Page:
Today, Verona High School sophomore Owen Fogarty broke the VHS boys indoor track record in pole vault, clearing 12’6″, and he did it at one of the most high-profile events in New Jersey: the Group track championship in Toms River.
Setting records at Verona High School is a big deal. Not only do you get the bragging rights, but you also get your name on a huge board in the gym at the high school. Until this morning, the boys indoor pole vault record had been stuck at 12 feet, where it was set in 2011 by Joshua Held, who graduated with the class of 2011. Since Fogarty started winter track, he has had his eye set on it. At two previous meets, Fogarty had tied the 12′ record but was not able to beat it. On February 10, Fogarty competed at track Sectionals in Toms River, where his best height of the day was again 12 feet. That was enough to get Fogarty to Groups, and today at Groups he beat the record and secured himself a place at Meet of Champions with a height of 12’6. Meet of Champs, which will be held on February 24 and 25, is the final stage of winter track competition, the most important and the hardest to get to. For Fogarty to get there as only a sophomore shows how great an athlete he is.
Congratulations Owen Fogarty….A NEW SCHOOL RECORD! 12’6 pic.twitter.com/8Z1S8xZH2i
— Verona Boys XC/Track (@VHSBoysXC_Track) February 17, 2018
Pole vault is one of the most exciting track and field events, and it is very nerve wracking to watch athletes vault themselves to such a high height. It is a difficult sport because an athlete needs both speed and upper body strength to get over the bar and, unlike sports like football, baseball or basketball, most students have never done pole vaulting before high school. The vaulter needs to run very fast down the straightaway for a number of steps specific to them, so many pole vaulters count their steps for every right or left foot. Once they reach the pit, the metal box where they plant the pole, the athlete must use the pole to project themselves up to the height of bar. The goal is to not touch the bar because even the slightest movement can cause it to fall. While athletes in other sports can advance by a single inch or a fraction of a second, in pole vault the bar is raised in six-inch increments only. The opening height for today’s meet was 10’6″; first place in Group 1 today was 13’6″.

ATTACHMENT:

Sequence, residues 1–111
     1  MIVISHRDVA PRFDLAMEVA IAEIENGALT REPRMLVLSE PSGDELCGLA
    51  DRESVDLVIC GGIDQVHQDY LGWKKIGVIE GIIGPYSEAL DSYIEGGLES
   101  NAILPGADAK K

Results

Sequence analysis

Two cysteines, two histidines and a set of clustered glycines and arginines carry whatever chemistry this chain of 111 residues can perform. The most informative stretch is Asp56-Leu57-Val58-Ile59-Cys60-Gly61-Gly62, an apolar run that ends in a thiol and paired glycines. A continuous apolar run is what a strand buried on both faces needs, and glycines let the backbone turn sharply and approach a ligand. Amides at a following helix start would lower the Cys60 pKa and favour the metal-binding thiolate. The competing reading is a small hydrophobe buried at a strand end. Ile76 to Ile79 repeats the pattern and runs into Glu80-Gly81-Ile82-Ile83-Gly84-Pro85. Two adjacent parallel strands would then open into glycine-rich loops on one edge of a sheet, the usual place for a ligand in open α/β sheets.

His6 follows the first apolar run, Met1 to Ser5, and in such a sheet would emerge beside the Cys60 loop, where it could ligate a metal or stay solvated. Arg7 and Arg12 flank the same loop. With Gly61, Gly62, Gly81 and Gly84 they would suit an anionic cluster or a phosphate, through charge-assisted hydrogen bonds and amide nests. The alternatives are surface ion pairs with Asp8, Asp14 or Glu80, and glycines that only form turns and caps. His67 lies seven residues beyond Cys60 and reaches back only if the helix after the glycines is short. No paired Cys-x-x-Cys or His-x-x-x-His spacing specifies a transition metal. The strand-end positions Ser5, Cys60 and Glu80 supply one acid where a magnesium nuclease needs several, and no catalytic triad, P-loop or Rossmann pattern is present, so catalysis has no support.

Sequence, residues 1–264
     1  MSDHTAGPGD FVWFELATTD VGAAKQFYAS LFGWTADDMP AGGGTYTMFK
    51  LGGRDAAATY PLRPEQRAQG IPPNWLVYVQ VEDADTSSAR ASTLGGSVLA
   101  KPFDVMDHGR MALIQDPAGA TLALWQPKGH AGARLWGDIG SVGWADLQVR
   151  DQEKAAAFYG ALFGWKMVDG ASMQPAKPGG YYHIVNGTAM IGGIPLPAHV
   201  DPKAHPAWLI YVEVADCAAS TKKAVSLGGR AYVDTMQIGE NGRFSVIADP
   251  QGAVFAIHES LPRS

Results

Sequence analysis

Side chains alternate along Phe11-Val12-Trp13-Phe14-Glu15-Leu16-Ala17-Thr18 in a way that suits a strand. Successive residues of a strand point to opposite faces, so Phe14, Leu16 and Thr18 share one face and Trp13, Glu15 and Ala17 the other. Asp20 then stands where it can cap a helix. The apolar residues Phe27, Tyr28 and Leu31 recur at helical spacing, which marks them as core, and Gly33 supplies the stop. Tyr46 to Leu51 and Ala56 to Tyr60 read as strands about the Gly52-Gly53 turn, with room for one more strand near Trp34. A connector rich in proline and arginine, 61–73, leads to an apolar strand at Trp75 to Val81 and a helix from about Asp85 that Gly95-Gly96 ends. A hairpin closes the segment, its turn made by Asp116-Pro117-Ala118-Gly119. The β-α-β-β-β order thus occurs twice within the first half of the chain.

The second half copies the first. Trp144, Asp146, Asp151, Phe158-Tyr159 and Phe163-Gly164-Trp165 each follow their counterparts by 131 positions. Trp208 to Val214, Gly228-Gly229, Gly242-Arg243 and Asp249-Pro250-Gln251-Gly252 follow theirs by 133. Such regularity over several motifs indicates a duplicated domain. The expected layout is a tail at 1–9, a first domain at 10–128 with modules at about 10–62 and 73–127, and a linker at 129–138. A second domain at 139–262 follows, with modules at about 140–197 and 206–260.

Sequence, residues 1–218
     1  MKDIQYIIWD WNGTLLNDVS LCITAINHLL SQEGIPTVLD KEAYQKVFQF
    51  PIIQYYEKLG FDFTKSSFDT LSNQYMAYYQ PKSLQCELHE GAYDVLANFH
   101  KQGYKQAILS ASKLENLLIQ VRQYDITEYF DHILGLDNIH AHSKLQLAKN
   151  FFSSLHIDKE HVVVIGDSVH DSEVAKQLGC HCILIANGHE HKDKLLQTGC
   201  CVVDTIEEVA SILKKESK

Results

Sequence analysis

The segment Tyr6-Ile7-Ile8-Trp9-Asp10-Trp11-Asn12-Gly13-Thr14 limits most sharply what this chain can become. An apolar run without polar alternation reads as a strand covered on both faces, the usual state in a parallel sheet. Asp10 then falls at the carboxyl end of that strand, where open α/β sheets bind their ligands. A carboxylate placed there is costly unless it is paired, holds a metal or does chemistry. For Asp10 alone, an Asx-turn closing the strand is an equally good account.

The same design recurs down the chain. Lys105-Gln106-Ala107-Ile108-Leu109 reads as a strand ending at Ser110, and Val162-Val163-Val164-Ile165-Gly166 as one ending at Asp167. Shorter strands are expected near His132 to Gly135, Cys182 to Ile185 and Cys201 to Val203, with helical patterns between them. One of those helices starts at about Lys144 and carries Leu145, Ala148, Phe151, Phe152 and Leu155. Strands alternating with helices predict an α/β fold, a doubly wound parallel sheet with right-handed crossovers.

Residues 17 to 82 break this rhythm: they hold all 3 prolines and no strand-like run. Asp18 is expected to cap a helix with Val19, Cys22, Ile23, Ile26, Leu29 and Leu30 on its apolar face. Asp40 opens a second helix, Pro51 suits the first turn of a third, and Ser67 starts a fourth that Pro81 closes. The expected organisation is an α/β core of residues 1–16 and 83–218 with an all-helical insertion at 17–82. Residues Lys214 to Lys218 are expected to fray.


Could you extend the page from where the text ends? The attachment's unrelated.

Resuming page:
Fogarty started pole vaulting his freshman year during spring track, but decided to come out for winter track as a sophomore. His older sister, who has graduated Verona High School, was also a pole vaulter, a main reason why Fogarty began the sport. As a freshman, Fogarty showed his coach and his teammates he has what it takes to be a star athlete, but this past winter season helped validate that. He is already doing better than some veteran vaulters.
The difference between winter and spring track is that winter meets are all indoors. This gives the athlete a slight disadvantage; most people do better during the spring season. The VHS boys spring pole vault record is 13’6″, set by Willie Taylor in 1974.
Because it is winter, it is too cold to bring the pole vault mats out, so the athletes cannot practice outside. Fogarty and other pole vaulters go to an indoor pole vaulting gym called Apex Vaulting in Fairfield. There, Fogarty works on his technique. “I wouldn’t have don’t this well without Branko and all the other coaches at Apex,” Fogarty says, referring to Coach Branko Miric. “Everyone there is just so talented and training there has improved my skill so much.”
With spring track just around the corner, Fogarty will have multiple opportunities to break any new goals he sets for himself, like the spring record. Since he is a only a sophomore, he does not have many future plans set out yet, but one goal is to vault in college. “I would love to pole vault at a D1 college,” Fogarty says. “Doing something with my life in the future that I enjoy is important to me and I hope and think pole vault will be a part of it.”